And he is wrong. Games and gamers are everywhere, and eSports tournaments are among the largest live events in the world. League of Legends sees at least 30 million unique players every month, and the League of Legends World Championships last year saw more viewers than the NBA Finals and the MLB World Series. The first ever SMITE World Championship saw a prize pool of over $2.6 million; the first place team received $1.3 million, almost as much as this year’s PGA Master’s winner. And the 2014 DotA 2 International held a final prize pool of $10.93 million, making it the largest video game prize ever.
Gamers are not overweight, pimply failures that live with their parents. They aren’t children. Almost everyone plays video games in some form or fashion–whether it’s Call of Duty or Candy Crush Saga. They have seeped into our social consciousness; they have replaced our summer blockbusters, and their mascots are as recognizable as Ronald McDonald or Tony the Tiger. Broadcasts of eSports tournaments are the next logical evolution for games. And people like Colin Cowherd that aggressively reject them are seemingly no better than the pundits that rejected integrated baseball in the 50s.
The Silver Lining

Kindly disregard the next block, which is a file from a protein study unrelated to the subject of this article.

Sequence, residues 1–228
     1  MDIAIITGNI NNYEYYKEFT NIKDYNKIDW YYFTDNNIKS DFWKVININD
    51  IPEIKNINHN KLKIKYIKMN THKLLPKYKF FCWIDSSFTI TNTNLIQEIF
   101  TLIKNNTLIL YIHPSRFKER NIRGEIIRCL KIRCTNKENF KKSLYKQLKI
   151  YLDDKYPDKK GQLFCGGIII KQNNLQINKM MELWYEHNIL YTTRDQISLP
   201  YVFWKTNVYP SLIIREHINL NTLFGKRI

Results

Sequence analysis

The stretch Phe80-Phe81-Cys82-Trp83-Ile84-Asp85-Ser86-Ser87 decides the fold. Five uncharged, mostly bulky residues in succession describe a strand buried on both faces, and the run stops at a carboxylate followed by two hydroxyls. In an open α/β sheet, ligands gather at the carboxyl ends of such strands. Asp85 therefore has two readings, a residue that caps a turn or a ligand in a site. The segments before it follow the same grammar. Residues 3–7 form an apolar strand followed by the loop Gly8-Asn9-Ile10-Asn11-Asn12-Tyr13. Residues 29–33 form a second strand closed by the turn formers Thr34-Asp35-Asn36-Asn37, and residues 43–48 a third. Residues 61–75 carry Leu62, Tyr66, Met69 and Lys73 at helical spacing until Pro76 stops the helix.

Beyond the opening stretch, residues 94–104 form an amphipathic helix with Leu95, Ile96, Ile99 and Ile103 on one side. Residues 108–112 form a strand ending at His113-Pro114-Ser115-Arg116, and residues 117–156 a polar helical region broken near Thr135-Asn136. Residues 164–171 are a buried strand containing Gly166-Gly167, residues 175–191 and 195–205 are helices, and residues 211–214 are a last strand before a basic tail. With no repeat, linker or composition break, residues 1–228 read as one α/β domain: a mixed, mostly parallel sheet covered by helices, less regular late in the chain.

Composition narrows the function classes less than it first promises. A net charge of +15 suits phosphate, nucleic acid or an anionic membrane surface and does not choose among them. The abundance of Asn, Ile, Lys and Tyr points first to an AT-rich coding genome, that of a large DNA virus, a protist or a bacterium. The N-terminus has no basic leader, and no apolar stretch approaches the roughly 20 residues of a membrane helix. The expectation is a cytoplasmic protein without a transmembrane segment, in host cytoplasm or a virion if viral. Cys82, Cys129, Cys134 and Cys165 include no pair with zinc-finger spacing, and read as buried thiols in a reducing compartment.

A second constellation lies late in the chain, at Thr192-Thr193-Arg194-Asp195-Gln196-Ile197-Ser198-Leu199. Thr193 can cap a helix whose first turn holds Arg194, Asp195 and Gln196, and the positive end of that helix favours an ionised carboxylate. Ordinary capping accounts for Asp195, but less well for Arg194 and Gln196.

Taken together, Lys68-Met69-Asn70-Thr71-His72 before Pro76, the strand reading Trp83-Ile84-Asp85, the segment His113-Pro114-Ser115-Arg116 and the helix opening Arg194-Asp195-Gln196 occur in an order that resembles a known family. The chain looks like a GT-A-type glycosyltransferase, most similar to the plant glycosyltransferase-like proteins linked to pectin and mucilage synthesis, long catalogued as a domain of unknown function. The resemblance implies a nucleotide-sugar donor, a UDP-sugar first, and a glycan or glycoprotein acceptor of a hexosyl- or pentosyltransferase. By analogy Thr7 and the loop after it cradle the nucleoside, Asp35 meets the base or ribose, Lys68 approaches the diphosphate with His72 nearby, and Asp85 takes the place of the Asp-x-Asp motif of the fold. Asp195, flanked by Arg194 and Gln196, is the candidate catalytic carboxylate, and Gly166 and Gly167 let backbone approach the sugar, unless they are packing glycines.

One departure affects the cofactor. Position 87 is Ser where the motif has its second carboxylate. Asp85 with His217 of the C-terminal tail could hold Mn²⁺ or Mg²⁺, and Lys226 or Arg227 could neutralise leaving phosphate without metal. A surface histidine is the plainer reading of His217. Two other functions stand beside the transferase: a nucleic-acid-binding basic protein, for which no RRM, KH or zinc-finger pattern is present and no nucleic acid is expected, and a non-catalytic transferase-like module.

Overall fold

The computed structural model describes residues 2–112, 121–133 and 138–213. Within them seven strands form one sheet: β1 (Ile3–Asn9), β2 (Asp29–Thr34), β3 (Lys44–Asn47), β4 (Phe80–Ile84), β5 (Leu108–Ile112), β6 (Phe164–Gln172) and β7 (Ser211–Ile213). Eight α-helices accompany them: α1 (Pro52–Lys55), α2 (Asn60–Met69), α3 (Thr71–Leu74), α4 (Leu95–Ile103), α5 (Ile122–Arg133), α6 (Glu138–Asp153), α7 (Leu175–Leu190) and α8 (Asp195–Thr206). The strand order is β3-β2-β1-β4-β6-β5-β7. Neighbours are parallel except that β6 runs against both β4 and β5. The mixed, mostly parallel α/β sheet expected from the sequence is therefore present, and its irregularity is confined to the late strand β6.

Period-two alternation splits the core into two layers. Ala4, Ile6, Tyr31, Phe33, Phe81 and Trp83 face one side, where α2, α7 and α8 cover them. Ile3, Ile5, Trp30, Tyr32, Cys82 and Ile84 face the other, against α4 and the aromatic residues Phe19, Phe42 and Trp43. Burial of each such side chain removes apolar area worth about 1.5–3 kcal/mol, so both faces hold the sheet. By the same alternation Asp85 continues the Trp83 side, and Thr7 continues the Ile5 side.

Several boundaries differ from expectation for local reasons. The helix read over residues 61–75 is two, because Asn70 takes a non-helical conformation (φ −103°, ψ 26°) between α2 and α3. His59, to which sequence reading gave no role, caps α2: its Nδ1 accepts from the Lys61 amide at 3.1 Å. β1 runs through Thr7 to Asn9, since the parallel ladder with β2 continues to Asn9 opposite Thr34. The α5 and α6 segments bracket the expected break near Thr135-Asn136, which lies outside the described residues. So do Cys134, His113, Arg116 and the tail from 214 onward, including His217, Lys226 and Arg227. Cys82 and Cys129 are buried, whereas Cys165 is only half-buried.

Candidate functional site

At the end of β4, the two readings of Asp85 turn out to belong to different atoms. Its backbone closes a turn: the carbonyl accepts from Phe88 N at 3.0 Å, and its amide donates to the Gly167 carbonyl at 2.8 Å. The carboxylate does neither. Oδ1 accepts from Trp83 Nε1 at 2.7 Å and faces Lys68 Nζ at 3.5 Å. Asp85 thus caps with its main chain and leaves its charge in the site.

Last year, ESPN president John Skipper famously called eSports “not a sport” when asked about Amazon’s acquisition of Twitch. This, when coupled with Cowherd’s remarks Monday, might lead one to assume that ESPN, as a whole, is slow to embrace competitive video gaming. But this isn’t the truth. Sports media everywhere is beginning to embrace eSports, and broadcasters around the world are reeling at Cowherd’s statements. Scott Smith, a competitive gamer working with Blizzard and ESPN during the event, tweeted this Monday:
— Scott Smith (@SirScoots) April 27, 2015
And, as much as I have bashed him, Cowherd’s broadcast Monday might have helped eSports more than you might think. As an eSports journalist–someone who pays the bills writing about video games–I see a silver lining in Cowherd’s rant. True, his remarks are lazy, unprofessional, belittling, and offensive, but I don’t think they’re entirely evil. After all, Colin Cowherd is a pundit for ESPN, and any exposure from a major sports outlet is good exposure for eSports, regardless of its stance or attitude. The YouTube video I watched Tuesday had over 140k views. It will easily have over 200k views by the end of this week. And news sites everywhere–from Forbes to The Daily Dot–are talking about Cowherd’s out-of-line speech. The truth: eSports is growing, like it or not, and the more we talk about it, the more it grows. Colin Cowherd can’t stop it. He can only fan the flame.
Related: Community, eSports, Event (Real Life), Heroes of the Dorm, Heroes of the Storm, League of Legends
To date, Cowherd has neither apologized nor attempted to correct his mistakes. He has yet to further acknowledge the clip on Twitter, and he refuses to mention the tournament again on his radio show. Frankly, I don’t expect him to. He has done his job. And as long as he keeps doing it, I might be able to keep doing mine.